And yet for all the rediscovery, the truth is that these isles have been drawing writers and artists seeking escape for centuries. In the early 1800s, Lord Byron inscribed his signature in a cave at the southern end of Antiparos, a place where millennia-old stalactites and stalagmites spiral, corkscrew-like, into the darkness. Truman Capote, having just finished Breakfast at Tiffany's, spent the summer of 1958 on Paros. Throughout his long stay in Parikia, he worked on the text for Richard Avedon's Observations, the photographer's first book of portraits, and read Proust and Chandler. He also began writing Answered Prayers, his final--and famously unfinished--novel.
Even today, it is easy to imagine how Capote must have found here a refuge from all the things which by that point had come to define and, equally, oppress him: New York society, the literary world, and even his own persona. On Paros, there was none of that--there was only sun, sea, and serenity. "We have not seen a newspaper since we arrived on the island," wrote photographer Cecil Beaton, while staying with Capote at the Meltemi Hotel in Parikia. "We have lived in a timeless haze of repetition. Life is nothing but sleep, swim, eat, and read. One day merges soothingly into another without incident. Each day is a pattern."
And like Beaton's, my days on Paros--a week or two almost every August for the past eight years--are also a pattern. I find myself immediately in the island's lull, falling into its idle routine. Its alchemy is restorative, cathartic, elemental--swimming every day in the sea, driving through the amber pastures of arid farmlands, eating the same simple Greek dishes you find at every little taverna. Time slows, as if running counterclockwise.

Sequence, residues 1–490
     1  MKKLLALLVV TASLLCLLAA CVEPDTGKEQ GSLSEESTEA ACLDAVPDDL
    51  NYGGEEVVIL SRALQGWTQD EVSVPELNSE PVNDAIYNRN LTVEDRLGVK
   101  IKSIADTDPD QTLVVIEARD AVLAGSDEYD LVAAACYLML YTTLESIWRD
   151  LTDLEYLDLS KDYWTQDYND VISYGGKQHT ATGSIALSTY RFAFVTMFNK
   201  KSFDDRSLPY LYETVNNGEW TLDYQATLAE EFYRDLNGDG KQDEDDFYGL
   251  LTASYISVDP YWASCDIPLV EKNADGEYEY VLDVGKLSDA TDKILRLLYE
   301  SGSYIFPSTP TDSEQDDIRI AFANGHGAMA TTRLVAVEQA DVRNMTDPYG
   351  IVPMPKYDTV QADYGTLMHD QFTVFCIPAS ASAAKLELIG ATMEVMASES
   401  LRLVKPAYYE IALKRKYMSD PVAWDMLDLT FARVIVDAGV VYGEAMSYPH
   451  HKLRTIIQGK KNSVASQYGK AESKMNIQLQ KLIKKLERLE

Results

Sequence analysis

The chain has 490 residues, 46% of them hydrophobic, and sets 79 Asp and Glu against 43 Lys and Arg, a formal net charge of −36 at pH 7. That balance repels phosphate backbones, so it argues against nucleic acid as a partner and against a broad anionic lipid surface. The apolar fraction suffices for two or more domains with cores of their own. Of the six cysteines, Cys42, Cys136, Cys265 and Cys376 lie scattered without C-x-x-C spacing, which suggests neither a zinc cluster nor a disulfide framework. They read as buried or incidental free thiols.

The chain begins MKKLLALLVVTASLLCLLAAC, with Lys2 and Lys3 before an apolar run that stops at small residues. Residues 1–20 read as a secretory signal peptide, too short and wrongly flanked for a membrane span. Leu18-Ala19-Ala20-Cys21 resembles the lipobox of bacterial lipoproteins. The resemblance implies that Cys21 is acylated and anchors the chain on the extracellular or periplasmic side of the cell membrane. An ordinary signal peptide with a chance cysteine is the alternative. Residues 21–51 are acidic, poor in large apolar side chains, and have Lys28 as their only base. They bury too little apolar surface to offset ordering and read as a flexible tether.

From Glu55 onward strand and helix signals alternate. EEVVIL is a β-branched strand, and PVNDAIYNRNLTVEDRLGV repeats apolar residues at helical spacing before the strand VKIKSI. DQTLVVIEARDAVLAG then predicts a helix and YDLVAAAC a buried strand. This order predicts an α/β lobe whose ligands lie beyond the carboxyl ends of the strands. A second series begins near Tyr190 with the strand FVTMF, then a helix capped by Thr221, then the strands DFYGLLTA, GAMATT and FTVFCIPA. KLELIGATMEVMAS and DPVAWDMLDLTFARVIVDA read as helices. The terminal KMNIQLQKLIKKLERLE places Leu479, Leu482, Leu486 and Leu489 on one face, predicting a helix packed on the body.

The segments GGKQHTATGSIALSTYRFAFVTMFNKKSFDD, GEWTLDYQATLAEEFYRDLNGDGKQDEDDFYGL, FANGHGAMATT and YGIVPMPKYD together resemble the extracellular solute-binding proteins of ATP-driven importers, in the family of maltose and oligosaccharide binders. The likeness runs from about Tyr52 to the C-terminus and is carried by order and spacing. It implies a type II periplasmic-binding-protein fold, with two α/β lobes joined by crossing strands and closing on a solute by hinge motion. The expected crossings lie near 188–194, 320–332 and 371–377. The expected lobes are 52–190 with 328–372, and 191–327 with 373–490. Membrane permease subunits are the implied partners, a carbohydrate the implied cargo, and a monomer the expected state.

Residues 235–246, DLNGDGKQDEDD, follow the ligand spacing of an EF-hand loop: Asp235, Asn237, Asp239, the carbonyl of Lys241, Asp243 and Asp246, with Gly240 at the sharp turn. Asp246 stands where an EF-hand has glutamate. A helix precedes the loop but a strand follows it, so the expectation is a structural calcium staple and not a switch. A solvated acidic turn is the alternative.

Toward the end of my stay, I always make a day-trip to the Caribbean-blue waters around Pano Koufonisi--a small island just off Naxos that's so undeveloped it may have been what Paros looked like when Capote and Beaton visited. Its low coastline looks almost porous--so pocked with natural swimming pools and cavernous cliffs that it resembles a slice of Swiss cheese.
But the rest of my time is spent on Paros, and whenever I return, I notice, as if for the first time, how in the rosy satin dusk, everything is electrified by the white candescence of the sinking Mediterranean sun; I watch the town's domed churches, Frankish castles, and Venetian palaces gild in the late-afternoon light. The island burns on like a piece of Murano glass. The final day of my trip each year, I sit in a spectacular cove at the foot of a plunging ravine, one flanked by wind-swept olive trees that look like they belong in a Dr. Seuss storybook. In the distance is a funky campground with tie-dyed tents, neon-bright dune buggies, and a pirate flag flapping in the breeze. The beach is wide and, but for one family, deserted. There are no umbrellas or chaises--just a stretch of pale smooth stones, palm trees, and turquoise water. A small taverna sits above the beach, its terrace shaded by grapevines. Plates of vivid-red stuffed tomatoes and clouds of feta mixed with olives and onion cover the rickety little tables, while octopus dries outside in glass display cases. The restaurant is run by an old sea captain with a mop of yellowed curls weathered by the sun and salty air. He wears a navy-blue wool sailor's cap and could pass for a Homeric sea god.
A donkey roams on a hill in the distance, and the outline of a motorized skiff from Antiparos starts to appear. As lunch arrives, I begin talking to a sun-kissed Englishman who used to work in publishing. I ask him how long he's been on the island. "Ten years ago I came over for a week to clear my head," he says. "I never left."
I realize then that it's time for me to pack up--before the island captures me as well.